Physicists may have finally spotted elusive clusters of four neutrons

If confirmed, ‘tetraneutrons’ could help scientists better understand nuclear forces

illustration of a tetraneutron

Four neutrons may form a short-lived agglomeration called a tetraneutron (illustrated).

Sonja Battenberg/TUM

Physicists have found the strongest sign yet of a fabled four of a kind.

For six decades, researchers have hunted for clusters of four neutrons called tetraneutrons. But evidence for their existence has been shaky. Now, scientists say they have observed neutron clusters that appear to be tetraneutrons. The result strengthens the case that the fab four is more than a figment of physicists’ imaginations. But some scientists doubt that the claimed tetraneutrons are really what they seem.

Unlike an atomic nucleus, in which protons and neutrons are solidly bound together, the purported tetraneutrons seem to be quasi-bound, or resonant, states. That means that the clumps last only for fleeting instants — in this case, less than a billionth of a trillionth of a second, the researchers report in the June 23 Nature.

Tetraneutrons fascinate physicists because, if confirmed, the clusters would help scientists isolate and probe mysterious neutron-neutron forces and the inner workings of atomic nuclei. All atomic nuclei contain one or more protons, so scientists don’t have a complete understanding of the forces at play within groups composed only of neutrons.

Conclusively spotting the four-neutron assemblage would be a first. “Up to now, there was no real observation of … such a system that is composed only from neutrons,” says nuclear physicist Meytal Duer of the Technical University of Darmstadt in Germany.

To create the neutron quartets, Duer and colleagues started with a beam of a radioactive, neutron-rich type of helium called helium-8, created at RIKEN in Wako, Japan. The team then slammed that beam into a target containing protons. When a helium-8 nucleus and proton collided, the proton knocked out a group of two protons and two neutrons, also known as an alpha particle. Because each initial helium-8 nucleus had two protons and six neutrons, that left four neutrons alone.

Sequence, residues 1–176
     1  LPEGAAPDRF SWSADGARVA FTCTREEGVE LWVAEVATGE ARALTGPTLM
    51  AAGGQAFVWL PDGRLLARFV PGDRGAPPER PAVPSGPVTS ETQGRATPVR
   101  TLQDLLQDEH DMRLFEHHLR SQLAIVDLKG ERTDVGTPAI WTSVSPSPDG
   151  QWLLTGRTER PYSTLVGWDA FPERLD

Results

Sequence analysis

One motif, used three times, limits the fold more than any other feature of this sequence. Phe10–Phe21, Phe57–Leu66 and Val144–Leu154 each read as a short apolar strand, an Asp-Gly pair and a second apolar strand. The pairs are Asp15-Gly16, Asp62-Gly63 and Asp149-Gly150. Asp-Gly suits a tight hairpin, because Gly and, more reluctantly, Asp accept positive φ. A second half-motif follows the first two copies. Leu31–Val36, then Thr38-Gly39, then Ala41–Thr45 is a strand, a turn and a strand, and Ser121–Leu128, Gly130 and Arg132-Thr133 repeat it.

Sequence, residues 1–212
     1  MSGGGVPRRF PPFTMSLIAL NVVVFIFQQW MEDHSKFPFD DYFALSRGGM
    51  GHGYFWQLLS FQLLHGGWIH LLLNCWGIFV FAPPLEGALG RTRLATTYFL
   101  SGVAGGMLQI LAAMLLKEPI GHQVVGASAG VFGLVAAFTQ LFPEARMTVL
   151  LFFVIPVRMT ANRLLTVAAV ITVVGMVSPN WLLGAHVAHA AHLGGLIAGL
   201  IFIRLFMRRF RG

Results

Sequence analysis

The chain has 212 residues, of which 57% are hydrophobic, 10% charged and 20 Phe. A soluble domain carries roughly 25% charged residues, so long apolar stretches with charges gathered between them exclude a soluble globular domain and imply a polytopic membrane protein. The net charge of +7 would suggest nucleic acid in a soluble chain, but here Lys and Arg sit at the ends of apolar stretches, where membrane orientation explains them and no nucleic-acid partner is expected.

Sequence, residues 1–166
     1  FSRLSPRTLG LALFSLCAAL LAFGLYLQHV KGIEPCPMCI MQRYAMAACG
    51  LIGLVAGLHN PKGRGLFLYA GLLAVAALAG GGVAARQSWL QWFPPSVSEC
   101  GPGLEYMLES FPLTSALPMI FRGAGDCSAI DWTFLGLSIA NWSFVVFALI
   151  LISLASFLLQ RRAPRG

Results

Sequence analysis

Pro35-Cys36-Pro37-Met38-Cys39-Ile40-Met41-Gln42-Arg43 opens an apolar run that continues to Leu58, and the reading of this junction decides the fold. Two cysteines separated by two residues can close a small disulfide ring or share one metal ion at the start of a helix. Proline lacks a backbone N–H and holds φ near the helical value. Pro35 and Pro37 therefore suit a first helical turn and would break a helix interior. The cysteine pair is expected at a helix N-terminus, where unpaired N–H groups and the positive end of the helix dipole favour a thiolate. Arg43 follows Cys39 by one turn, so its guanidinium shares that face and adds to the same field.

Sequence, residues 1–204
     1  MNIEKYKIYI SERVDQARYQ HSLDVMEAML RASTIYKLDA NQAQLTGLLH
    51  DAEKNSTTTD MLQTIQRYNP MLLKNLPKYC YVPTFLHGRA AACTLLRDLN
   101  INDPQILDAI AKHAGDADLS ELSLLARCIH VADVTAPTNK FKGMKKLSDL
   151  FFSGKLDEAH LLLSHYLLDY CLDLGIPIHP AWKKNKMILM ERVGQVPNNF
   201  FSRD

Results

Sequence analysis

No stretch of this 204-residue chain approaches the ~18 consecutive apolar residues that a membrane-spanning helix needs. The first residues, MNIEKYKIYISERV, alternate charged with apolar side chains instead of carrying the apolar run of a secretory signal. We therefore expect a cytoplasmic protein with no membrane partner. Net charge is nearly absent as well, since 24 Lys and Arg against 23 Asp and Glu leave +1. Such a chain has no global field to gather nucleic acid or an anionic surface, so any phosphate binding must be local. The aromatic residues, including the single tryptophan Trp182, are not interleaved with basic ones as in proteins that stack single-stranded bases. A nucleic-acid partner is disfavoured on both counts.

By measuring the momenta of the alpha particle and the ricocheting proton, the researchers determined the energy of the four neutrons. The measurement revealed a bump on a plot of the neutrons’ energy across multiple collisions — the signature of a resonance.

In the past, “there were indications, but it was never very clear” whether tetraneutrons existed, says nuclear physicist Marlène Assié of Laboratoire de Physique des 2 Infinis Irène Joliot-Curie in Orsay, France. In 2016, Assié and colleagues reported hints of only a few tetraneutrons (SN: 2/8/16). In the new study, the researchers report observing around 30 clusters. The bump on the new plot is much clearer, she says. “I have no doubts on this measurement.”

But theoretical calculations of what happens when four neutrons collide have raised skepticism as to whether a tetraneutron resonance can exist. If the forces between neutrons were strong enough to create a tetraneutron resonance, certain types of atomic nuclei should exist that are known not to, says theoretical nuclear physicist Natalia Timofeyuk of the University of Surrey in Guildford, England.

Because of that contradiction, she thinks that the researchers have not observed a true resonance, but another effect that is not yet understood. For example, she says, the bump could result from a “memory” that the neutrons retain of how they were arranged inside the helium-8 nucleus.

Other types of theoretical calculations are a closer match with the new results. “Indeed, theoretical results are very controversial, as they either predict a tetraneutron resonance in good agreement with the results presented in this paper, or they don’t predict any resonance at all,” says theoretical nuclear physicist Stefano Gandolfi of Los Alamos National Laboratory in New Mexico. Further calculations will be needed to understand the results of the experiment.

New experiments could help too. Because detecting neutrons, which have no electric charge, is more difficult than detecting charged particles, the researchers didn’t directly observe the four neutrons. In future experiments, Duer and colleagues hope to spot the neutrons and better pin down the tetraneutrons’ properties.

Future work may reveal once and for all whether tetraneutrons are the real deal.  

Physics writer Emily Conover has a Ph.D. in physics from the University of Chicago. She is a two-time winner of the D.C. Science Writers’ Association Newsbrief award.

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